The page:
Late last month, fishermen in Japan netted a surprise -- a bottlenose dolphin with two well-developed rear flippers. The flippers are remnants of the legs which grew in the dolphin's prehistoric ancestors.
Every animal's body is built by the genes contained in its DNA. But not all genes are active -- they have to be turned on by controller genes.
Over time, the DNA in a species changes -- new genes emerge, old ones become inactive. But in many cases, the old ones don't completely go away. The controller changes and stops activating the gene. But if there's a change in the controller, it may activate that forgotten gene again.
(The same thing happens with humans. As a baby develops inside its mother, it grows gills and a tail -- remnants of our animal heritage. These disappear before the baby is born.)
Genetic testing is allowing us to determine more and more information about the health and characteristics of our babies while they are still in their mothers' wombs. With this heightened level of awareness and power, we have to ask ourselves some pretty tough ethical questions:
I attended an interesting film and discussion at the Bell Museum last week that focused on many of these issues.
Who's Afraid of Designer Babies? is a documentary mostly following several Australian families grappling with a wide array of genetic issues, from crippling genetic illnesses in their children to more frivolous interest in selecting the sex of their children.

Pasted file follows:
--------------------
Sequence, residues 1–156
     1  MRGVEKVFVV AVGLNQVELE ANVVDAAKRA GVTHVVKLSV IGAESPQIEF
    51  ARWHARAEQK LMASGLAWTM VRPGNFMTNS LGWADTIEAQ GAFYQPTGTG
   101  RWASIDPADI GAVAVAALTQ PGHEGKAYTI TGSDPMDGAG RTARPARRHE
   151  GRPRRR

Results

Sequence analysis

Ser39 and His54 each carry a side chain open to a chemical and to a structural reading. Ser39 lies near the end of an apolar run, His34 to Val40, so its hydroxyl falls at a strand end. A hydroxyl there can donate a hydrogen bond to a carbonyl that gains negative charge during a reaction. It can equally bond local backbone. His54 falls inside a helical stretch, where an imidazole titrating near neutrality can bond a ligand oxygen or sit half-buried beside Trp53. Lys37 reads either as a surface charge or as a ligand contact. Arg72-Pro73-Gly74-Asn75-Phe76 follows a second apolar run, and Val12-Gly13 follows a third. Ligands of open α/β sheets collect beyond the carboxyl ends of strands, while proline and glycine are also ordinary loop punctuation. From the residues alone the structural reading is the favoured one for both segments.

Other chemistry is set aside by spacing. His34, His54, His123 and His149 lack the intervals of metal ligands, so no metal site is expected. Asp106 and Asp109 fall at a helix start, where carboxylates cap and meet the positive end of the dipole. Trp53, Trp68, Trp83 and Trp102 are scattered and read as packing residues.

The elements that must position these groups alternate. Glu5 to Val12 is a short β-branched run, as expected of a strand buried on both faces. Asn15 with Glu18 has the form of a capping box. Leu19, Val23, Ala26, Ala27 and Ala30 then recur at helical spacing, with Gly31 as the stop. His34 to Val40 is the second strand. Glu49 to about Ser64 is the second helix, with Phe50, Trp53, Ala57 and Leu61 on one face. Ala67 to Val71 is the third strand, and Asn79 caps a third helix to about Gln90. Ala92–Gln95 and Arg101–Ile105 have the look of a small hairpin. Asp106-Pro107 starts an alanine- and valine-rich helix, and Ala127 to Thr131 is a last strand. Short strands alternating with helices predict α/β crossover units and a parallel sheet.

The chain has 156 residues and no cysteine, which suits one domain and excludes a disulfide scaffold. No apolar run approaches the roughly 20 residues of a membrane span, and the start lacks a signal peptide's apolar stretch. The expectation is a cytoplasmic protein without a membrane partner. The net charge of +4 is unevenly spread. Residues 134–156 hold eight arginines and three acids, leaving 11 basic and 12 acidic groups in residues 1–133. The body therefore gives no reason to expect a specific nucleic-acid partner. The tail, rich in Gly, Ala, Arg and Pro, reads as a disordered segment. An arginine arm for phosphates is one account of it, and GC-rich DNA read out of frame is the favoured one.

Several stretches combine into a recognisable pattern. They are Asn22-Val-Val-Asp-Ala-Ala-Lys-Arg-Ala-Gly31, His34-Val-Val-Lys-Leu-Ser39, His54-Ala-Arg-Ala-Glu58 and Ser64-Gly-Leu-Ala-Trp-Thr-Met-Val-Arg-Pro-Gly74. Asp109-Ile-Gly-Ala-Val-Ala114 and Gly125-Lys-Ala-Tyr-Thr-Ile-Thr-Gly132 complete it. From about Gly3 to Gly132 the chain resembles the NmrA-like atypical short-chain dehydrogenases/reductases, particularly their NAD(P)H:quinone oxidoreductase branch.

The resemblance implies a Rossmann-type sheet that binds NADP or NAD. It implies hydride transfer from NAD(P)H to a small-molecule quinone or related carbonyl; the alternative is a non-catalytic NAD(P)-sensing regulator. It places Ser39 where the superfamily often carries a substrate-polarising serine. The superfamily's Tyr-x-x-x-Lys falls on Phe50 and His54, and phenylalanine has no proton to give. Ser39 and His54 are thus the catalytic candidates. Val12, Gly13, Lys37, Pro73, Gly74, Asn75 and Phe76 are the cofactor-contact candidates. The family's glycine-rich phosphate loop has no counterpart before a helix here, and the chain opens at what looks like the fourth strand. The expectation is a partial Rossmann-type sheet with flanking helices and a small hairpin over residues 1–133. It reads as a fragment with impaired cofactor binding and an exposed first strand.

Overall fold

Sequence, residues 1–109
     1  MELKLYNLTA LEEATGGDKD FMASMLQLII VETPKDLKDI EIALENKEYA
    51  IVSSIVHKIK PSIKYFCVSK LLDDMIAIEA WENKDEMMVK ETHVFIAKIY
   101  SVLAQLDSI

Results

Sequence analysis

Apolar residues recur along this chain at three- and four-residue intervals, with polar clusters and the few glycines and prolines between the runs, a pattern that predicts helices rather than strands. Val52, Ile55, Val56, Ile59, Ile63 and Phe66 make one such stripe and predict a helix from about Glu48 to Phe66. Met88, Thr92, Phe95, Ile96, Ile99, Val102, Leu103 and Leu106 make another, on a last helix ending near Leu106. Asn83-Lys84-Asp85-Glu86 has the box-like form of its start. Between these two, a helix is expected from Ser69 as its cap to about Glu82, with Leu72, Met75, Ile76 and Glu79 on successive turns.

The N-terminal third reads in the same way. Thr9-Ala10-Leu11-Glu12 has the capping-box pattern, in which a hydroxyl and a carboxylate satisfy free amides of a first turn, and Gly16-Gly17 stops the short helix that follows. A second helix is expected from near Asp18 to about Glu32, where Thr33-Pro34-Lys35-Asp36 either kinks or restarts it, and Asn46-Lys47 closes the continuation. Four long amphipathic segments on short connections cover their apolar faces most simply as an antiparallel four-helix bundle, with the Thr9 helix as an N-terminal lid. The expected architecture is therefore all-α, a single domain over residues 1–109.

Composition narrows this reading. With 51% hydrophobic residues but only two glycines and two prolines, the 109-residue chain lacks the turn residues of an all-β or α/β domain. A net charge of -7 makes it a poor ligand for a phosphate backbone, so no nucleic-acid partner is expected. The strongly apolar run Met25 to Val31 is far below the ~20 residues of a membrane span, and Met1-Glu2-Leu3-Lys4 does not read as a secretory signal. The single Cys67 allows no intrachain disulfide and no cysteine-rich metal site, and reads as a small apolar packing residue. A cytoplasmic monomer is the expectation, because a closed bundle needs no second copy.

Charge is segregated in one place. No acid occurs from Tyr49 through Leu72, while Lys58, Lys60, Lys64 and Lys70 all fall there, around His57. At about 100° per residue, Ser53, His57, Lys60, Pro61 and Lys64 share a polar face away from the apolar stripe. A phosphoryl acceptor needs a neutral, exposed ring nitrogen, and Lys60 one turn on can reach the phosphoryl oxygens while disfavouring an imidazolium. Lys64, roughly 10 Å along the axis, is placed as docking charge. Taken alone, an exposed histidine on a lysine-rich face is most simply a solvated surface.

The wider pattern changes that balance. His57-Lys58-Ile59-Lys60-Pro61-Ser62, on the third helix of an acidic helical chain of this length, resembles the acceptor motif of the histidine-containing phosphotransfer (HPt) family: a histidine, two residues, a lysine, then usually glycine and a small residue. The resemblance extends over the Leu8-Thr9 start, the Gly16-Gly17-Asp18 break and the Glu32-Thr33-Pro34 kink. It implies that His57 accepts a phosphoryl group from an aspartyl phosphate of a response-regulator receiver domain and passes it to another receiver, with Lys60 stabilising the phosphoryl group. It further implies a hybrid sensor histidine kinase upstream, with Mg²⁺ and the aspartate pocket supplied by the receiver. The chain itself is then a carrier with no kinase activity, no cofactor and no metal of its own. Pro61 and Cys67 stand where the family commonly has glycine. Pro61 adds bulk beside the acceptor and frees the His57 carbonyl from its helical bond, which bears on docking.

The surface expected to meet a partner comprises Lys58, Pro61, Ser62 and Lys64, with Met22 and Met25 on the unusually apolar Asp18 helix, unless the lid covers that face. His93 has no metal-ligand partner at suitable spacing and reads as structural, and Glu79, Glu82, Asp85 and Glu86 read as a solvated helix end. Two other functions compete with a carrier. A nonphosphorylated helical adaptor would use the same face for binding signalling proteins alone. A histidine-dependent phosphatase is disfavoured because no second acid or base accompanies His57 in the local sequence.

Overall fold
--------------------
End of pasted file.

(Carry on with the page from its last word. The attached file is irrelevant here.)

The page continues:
While the discussion was very intelligent and not overly polarized I can say that we were far from a consensus on many of these issues. These are complex issues that we will have to keep hashing out as the technology and social mores change. Haven't formed an opinion yet? Read below for more information.
Genetic Testing & Screening at the University of Minnesota's Center for Bioethics - This is a great resource on the basic questions of ethics that come up around genetic testing.
Genetics and Public Policy Center - "The Genetics and Public Policy Center is a source of accurate and trusted information about public policy related to human genetic technologies and is supported at the Berman Bioethics Institute of Johns Hopkins University by The Pew Charitable Trusts." This group does allot of work in assessing public opinion on these issues.
The US President's Council on Bioethics - This group advises the president on the science and ethical issues behind policy and regulation of biological activities. In the recent past this group has taken a more conservative focus, with President Bush firing several of the more liberal members of the group who actively criticized his position on Stem-cells.
New genetic studies theorize that humans and chimpanzees may have split genetically much later in their evolution than previously thought - as recent as 6.3 million years ago - and that the initial split was followed by phases of interbreeding and hybridization before the two species headed off on their own evolutionary paths.
The results come out of a long and arduous examination of genetic codes of humans, chimps, gorillas and other apes.
“We found that the population structure that existed around the time of human-chimpanzee speciation was unlike any modern ape population,” said David Reich, of the Broad Institute of Harvard and the Massachusetts Institute of Technology. “Something very unusual happened at the time of speciation.”